700 So.2d at 1378.   See also McCain v. State, 611 So.2d 1123, 1126 (Ala.Crim.App.1992) (“[t]his court is bound by the record, and the record may not be impeached by matters outside of the record”);  and Bamberg v. State, 611 So.2d 450, 452 (Ala.Crim.App.1992) (“if in fact the off-the-record discussion did concern the issue the appellant now raises, it was the appellant's duty to make a complete record on appeal”).   In United States Fidelity & Guaranty Co. v. International Brotherhood of Teamsters, 40 Ala.App. 452, 115 So.2d 42 (1959), the Court of Appeals noted:

“On appeal we must look to the record for the evidence on the trial, and cannot consider evidence aliunde or matters dehors the record.  Lindsey v. Barton, 260 Ala. 419, 70 So.2d 633;  Byrd v. Aetna Life Ins. Co., 27 Ala.App. 1, 165 So. 109.

“The general rule is that:  ‘The record on appeal cannot be varied, added to, or explained by, a statement or certificate of the judge before whom the case was tried, the stenographer who took the evidence on the trial, or the clerk who made the record.’  4A C.J.S. Appeal and Error § 779, p. 648.   The holding [s] of our courts on this question seem to be in accordance with the general rule that ‘․ the appellate court will not ordinarily consider matters contained in such a statement or certificate which is not a part of the record.’  4A C.J.S. Appeal and Error § 1213, p. 1347.  Montgomery Bank & Trust Company v. State, 201 Ala. 447, 78 So. 825;  Wright v. McCullough, 16 Ala.App. 575, 80 So. 149.”

40 Ala.App. at 454-55, 115 So.2d at 44-45.   In addition, in Jefferson v. State, 449 So.2d 1280, 1282 (Ala.Crim.App.1984), this Court stated:

“If counsel makes objections and secures rulings ‘off the record,’ this court cannot consider those rulings.   If the trial court hears objections and makes rulings in side-bar conferences only, then the court reporter must be a party to the side-bar conference if the actions of counsel are to be recorded.   Our review is limited to matters of record.”

An appellant can file a motion to supplement or to correct a record on appeal, see Rule 10(g), Ala.R.App.P. See, e.g., Fuller v. State, 472 So.2d 452 (Ala.Crim.App.1985), and Welch v. State, 455 So.2d 299 (Ala.Crim.App.1984), both of which held that the failure to follow the procedure established in Rule 10 precludes appellate review of matters not appearing in the record.   Wilson did not seek to supplement her record on direct appeal, as provided in Rule 10(g).  Therefore, Wilson's claim on direct appeal that her life-without-parole sentence violates the Eighth Amendment to the United States Constitution is not properly before this Court.

To my knowledge, until the majority's holding in the present case, no rule of procedure or caselaw authorized, over an objection by the State, the use of a Rule 32 proceeding to establish a record, so that an issue, unpreserved at trial and unreviewable in the Rule 32 proceeding, could be addressed on direct appeal for the purpose of declaring duly enacted legislation unconstitutional.

Although I would not reach the federal constitutional issue,19 I must comment on the majority's holding with respect to the Eighth Amendment.   In Harmelin v. Michigan, 501 U.S. 957, 111 S.Ct. 2680, 115 L.Ed.2d 836 (1991), the petitioner, who, like Wilson, had no prior criminal convictions, was convicted of possessing 672 grams of cocaine and was sentenced to a mandatory term of life imprisonment without parole.   The petitioner argued that his sentence was unconstitutionally “cruel and unusual” for two reasons:  first, because it was “significantly disproportionate” to the crime he committed;  and second, because the sentencing judge was statutorily required to impose it, without taking into account the particularized circumstances of the crime and of the criminal.   A majority of the United States Supreme Court rejected both of those arguments and affirmed the petitioner's sentence.   Although a proportionality principle of an undetermined scope survived Harmelin, it is not at all clear to me, based upon my reading of the different viewpoints expressed by the Justices in that case, that a majority of that Court, as presently constituted, would declare unconstitutional the legislation at issue here.   In other words, I have a doubt, which I perceive to be reasonable, that the statute at issue in the present case is unconstitutional as applied to the facts presented.   Although I deem the question to be a close one, the factual distinctions the majority makes between Wilson in this case and the petitioner in Harmelin are just not sufficient, at least in my mind, to eliminate that doubt.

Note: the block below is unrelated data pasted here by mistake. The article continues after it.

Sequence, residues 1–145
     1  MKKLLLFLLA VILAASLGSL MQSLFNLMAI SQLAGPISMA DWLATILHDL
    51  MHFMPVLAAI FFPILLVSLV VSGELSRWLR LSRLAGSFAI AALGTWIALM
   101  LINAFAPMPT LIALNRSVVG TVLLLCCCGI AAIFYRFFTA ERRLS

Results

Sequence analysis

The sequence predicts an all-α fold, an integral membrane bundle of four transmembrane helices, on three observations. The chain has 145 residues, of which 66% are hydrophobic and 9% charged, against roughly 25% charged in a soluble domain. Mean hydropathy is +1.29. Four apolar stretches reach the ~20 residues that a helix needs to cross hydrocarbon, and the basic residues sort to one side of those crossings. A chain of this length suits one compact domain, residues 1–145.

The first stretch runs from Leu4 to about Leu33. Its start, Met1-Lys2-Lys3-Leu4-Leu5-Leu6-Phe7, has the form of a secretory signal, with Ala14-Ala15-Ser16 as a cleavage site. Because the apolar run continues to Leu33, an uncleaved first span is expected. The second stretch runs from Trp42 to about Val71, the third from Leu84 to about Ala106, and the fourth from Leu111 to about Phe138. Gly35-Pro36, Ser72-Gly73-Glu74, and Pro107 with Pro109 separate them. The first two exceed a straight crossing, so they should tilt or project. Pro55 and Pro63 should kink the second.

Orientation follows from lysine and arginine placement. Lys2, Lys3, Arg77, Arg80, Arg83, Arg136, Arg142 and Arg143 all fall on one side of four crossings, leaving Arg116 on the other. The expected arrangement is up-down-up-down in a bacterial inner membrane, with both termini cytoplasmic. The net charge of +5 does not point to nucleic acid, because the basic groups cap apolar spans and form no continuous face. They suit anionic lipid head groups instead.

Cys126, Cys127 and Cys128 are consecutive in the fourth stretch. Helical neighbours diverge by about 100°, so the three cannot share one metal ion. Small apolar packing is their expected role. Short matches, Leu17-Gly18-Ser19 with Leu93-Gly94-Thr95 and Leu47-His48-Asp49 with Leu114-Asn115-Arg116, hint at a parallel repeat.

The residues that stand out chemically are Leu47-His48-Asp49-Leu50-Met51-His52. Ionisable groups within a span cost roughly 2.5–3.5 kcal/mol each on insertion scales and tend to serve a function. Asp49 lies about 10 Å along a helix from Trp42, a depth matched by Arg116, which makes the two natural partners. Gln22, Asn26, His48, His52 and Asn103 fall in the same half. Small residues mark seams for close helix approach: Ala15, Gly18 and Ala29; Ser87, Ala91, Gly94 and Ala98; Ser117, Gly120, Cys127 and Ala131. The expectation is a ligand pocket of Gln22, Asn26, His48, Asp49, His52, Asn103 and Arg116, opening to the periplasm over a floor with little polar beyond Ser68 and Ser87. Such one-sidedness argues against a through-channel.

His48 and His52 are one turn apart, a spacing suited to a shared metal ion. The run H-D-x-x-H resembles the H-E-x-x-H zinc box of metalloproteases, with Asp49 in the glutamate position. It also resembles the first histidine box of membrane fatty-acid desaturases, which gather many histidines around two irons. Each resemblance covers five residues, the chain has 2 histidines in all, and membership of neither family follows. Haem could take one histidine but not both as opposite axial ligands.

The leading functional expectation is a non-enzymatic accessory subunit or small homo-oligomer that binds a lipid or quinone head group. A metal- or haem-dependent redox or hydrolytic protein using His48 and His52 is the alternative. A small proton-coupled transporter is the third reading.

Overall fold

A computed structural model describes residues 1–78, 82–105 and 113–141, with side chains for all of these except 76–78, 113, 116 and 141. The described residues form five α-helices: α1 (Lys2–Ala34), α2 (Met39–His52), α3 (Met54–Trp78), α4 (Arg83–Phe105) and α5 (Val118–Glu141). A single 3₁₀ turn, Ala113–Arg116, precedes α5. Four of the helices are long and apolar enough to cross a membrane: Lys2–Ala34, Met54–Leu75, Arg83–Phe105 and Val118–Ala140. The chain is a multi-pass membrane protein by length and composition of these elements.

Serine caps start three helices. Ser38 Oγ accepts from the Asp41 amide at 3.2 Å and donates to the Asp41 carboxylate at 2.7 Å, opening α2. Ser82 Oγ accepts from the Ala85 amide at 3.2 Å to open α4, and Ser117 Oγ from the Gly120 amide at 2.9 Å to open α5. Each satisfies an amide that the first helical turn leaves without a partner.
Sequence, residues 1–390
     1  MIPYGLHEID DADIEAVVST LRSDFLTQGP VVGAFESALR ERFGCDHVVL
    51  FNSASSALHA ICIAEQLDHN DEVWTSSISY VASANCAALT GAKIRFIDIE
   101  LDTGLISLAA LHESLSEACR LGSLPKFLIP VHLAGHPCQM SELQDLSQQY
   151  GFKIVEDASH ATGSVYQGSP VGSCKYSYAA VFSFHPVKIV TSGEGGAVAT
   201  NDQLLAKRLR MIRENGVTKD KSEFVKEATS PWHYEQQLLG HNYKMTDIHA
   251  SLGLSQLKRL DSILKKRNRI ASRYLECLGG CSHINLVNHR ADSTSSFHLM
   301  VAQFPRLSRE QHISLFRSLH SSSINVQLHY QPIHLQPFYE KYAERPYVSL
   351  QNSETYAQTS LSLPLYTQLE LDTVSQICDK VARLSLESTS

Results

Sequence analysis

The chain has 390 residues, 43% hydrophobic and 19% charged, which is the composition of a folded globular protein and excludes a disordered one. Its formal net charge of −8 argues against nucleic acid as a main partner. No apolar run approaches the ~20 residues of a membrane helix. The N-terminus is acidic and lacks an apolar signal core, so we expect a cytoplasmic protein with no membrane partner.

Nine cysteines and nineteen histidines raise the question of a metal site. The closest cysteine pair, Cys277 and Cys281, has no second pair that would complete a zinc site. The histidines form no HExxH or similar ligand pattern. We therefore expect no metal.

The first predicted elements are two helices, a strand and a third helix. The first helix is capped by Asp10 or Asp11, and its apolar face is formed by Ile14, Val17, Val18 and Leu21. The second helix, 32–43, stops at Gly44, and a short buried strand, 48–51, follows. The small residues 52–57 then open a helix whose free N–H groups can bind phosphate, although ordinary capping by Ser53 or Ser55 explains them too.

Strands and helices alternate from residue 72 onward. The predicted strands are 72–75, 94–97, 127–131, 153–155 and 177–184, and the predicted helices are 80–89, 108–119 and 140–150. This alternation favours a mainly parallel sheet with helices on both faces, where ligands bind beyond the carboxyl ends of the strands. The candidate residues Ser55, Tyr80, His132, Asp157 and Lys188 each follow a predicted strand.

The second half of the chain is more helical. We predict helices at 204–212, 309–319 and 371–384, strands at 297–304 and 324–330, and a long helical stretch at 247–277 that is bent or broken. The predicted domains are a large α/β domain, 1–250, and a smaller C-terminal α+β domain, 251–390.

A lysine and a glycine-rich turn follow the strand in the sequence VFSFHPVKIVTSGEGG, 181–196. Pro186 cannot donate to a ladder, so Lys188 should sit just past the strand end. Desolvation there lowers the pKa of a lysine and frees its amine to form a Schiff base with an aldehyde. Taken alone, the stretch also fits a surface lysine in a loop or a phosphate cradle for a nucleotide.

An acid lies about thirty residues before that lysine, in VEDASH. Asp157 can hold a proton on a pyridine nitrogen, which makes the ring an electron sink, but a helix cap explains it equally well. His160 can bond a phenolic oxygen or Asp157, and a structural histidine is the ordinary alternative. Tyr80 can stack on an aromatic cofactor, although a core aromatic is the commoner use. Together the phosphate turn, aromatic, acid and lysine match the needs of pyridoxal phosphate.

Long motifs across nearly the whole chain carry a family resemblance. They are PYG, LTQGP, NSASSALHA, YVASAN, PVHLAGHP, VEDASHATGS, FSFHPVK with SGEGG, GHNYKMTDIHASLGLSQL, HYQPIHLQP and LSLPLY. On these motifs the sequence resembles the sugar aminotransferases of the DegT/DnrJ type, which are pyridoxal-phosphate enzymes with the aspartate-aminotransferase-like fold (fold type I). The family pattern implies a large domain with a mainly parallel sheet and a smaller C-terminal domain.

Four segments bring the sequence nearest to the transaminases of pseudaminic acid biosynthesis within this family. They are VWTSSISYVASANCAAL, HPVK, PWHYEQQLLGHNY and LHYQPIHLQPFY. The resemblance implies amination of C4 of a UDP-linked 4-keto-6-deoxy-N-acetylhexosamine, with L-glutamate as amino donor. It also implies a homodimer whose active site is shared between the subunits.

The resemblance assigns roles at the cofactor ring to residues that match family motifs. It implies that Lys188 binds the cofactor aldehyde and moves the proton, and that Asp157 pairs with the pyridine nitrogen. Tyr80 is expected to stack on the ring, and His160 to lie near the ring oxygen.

A statute is presumed to be constitutional, and I must be convinced beyond a reasonable doubt that an act of the Alabama Legislature violates either the federal constitution or the state constitution before I will vote to hold it unconstitutional.   See, e.g., Donley v. City of Mountain Brook, 429 So.2d 603, 607 (Ala.Crim.App.1982) (“This Court will not hold [statutes] unconstitutional unless convinced beyond a reasonable doubt of their unconstitutionality.”)  “ ‘[O]ur solemn duty [is] to uphold a law, which has received the sanction of the Legislature, unless we are convinced beyond a reasonable doubt of its unconstitutionality.’ ”   Ex parte Melof, 735 So.2d 1172, 1179 (Ala.1999), quoting Yeilding v. State ex rel. Wilkinson, 232 Ala. 292, 298, 167 So. 580, 585 (1936).   My views in this respect were best expressed by Chief Justice Gardner, writing for the Alabama Supreme Court many years ago in Alabama State Federation of Labor v. McAdory, 246 Ala. 1, 18 So.2d 810 (1944):